7. Mark Teixeira, 1B, Texas Rangers (26) T-E-I-X ... as a baseball writer, I have a vested interest in seeing that Big Tex becomes famous enough that his last name is added to the Microsoft Word spell-check dictionary, like Steven Spielberg ("i" before the "e") or Gerard Depardieu (French). If Teixeira can continue to combine an Eddie Murray-like bat with a Keith Hernandez-like glove, he should be well on his way.
6. Joe Mauer, C, Minnesota Twins (23) Mauer suffers from the Felix Hernandez problem: He's such a special player that there's nobody to compare him to. Start with catchers who became big-league regulars before they turned 21. That alone is a pretty small group. How many of those guys could hit a little bit? Perhaps Ivan Rodriguez, Ted Simmons, Joe Torre ... that's about it. And how many of those guys were legitimate base-stealing threats? And stood 6-4 and weighed 220 pounds? And played Gold Glove-caliber defense? As Bill James has pointed out, the truly greatest players are often the most unusual. I look at Mauer and think of Rickey Henderson.
5. Johan Santana, P, Minnesota Twins (27) This was the year I expected Santana to go all Bob Gibson on the league. You know, 27-4, 1.56 ERA, 345 K's -- that kind of stuff. Santana is statistically and existentially comparable to Pedro Martinez. Like Pedro, there's something so wizardly, ephemeral, almost alien about how Johan pitches when he's getting it done that it's invariably disappointing to see that he's terrestrial after all, as he has been so far this April. The magic will be back soon enough. And perhaps in the meantime, Santana can learn to emulate Pedro's second gear, making up for those evenings when he doesn't have his best stuff.
4. Miguel Cabrera, 3B-OF, Florida Marlins (23) What Cabrera has done might have received more attention if Albert Pujols hadn't beaten him to the punch by a couple of seasons. But consider Cabrera's top 20 PECOTA comparables. Five of them (Frank Robinson, Eddie Murray, Hank Aaron, Johnny Bench and Orlando Cepeda) are already in the Hall of Fame. Another three (Pujols, Vladimir Guerrero and Ken Griffey Jr.) are well on their way. Two more (Jim Rice and Dick Allen) are more likely than not going to join the group someday. Cabrera has fewer than 1,600 big-league at bats to his name -- and yet we can say that he's an even-money shot to make the Hall of Fame. That doesn't happen every day.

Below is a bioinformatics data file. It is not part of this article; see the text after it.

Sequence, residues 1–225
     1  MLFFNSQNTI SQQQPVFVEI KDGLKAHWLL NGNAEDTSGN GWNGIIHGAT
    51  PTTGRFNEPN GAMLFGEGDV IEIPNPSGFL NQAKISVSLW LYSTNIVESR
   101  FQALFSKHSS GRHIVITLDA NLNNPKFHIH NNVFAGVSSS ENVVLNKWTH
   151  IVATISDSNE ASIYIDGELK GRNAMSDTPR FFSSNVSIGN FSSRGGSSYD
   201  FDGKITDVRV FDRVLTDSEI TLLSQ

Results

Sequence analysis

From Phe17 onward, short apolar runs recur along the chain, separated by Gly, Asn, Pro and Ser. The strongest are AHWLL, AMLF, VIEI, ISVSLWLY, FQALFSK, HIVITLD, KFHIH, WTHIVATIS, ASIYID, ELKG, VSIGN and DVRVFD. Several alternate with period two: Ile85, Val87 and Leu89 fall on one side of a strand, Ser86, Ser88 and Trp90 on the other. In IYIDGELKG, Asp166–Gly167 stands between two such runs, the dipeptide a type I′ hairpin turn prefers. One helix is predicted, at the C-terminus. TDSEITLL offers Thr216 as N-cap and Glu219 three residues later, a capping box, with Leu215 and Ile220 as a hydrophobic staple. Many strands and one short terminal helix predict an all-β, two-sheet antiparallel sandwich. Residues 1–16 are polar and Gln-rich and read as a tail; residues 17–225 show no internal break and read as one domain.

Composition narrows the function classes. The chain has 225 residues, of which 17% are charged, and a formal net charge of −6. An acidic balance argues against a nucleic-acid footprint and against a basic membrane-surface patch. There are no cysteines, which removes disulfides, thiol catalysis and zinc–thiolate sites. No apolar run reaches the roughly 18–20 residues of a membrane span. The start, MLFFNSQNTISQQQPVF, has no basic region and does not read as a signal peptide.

3. Alex Rodriguez, 3B, New York Yankees (30) PECOTA predicts that, at the end of his age-34 season in 2010, Alex Rodriguez will have hit 614 big league home runs. That's approximately 100 home runs ahead of the pace of Babe Ruth (516) and Hank Aaron (510), and 169 ahead of Barry Bonds. I know that rooting for Alex Rodriguez is a bit like rooting for Wal-Mart, or the Brazilian soccer team, or ... well ... the New York Yankees. But if Bonds passes Henry Aaron, what is good for A-Rod might be good for the country.
2. David Wright, 3B, New York Mets (23) The only downside to being this good this young is that it isn't easy to get a whole heck of a lot better. Our WARP system says that Willie Mays' best year came at 24, as did Mickey Mantle's. Stan Musial's was at 22. Cal Ripken had four of his five best seasons by the age of 25. The characteristic of great players, rather, is that they sustain a very high level of performance for 10 or 15 or 20 years. But Wright's capacity for growth is so great that he must have some fruit-fly DNA. In 2004, Wright was expected to barely hold his own in the Eastern League -- and he had become one of the better third basemen in the National League by year's end. In 2005, he improved his OPS from.839 before the break to .991 afterward. And then this year, Wright has decided to stop striking out, correcting perhaps the biggest remaining weakness in his game. I don't know where this is going to lead, but George Brett's 1980 might be a good start.
1. Albert Pujols, 1B, St. Louis Cardinals (26) What I remember most about Albert Pujols' young career isn't that he hit a home run against Brad Lidge in Game 5 of the NLCS, allowing the Cardinals to cash in on what must have been a 500-to-1 comeback shot. It was how far he hit that home run. Carlton Fisk and Kirk Gibson and Joe Carter -- their home runs seemed to suspend themselves in the air for about 30 seconds, long enough for the requisite preening and posing and multiple camera angles and Bob Costas soliloquy.
But Pujols' home run was like the strobing cross-section of memories you get after a night of heavy drinking. Hanging slider ... ZIP! ... Cardinals dogpile ... ZIP! ... falling asleep on the couch watching QVC. Pujols has done to the Best Player in Baseball debate what he did to Lidge's slider. Eighteen months ago, there was a healthy argument going between A-Rod and Barry Bonds, with Pujols just hanging around taking his cuts in the on-deck circle. Now, Pujols has passed them both, and it isn't even close.
Nate Silver is an author of Baseball Prospectus.